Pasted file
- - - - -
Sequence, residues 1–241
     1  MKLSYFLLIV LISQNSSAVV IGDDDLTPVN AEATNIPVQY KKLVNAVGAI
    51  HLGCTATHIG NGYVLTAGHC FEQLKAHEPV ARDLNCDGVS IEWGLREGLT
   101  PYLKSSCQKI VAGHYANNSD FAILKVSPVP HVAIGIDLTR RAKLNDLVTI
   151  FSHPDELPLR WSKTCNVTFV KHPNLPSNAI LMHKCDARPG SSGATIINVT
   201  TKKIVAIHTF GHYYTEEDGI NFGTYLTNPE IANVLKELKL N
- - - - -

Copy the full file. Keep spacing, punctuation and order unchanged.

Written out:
Sequence, residues 1–241
     1  MKLSYFLLIV LISQNSSAVV IGDDDLTPVN AEATNIPVQY KKLVNAVGAI
    51  HLGCTATHIG NGYVLTAGHC FEQLKAHEPV ARDLNCDGVS IEWGLREGLT
   101  PYLKSSCQKI VAGHYANNSD FAILKVSPVP HVAIGIDLTR RAKLNDLVTI
   151  FSHPDELPLR WSKTCNVTFV KHPNLPSNAI LMHKCDARPG SSGATIINVT
   201  TKKIVAIHTF GHYYTEEDGI NFGTYLTNPE IANVLKELKL N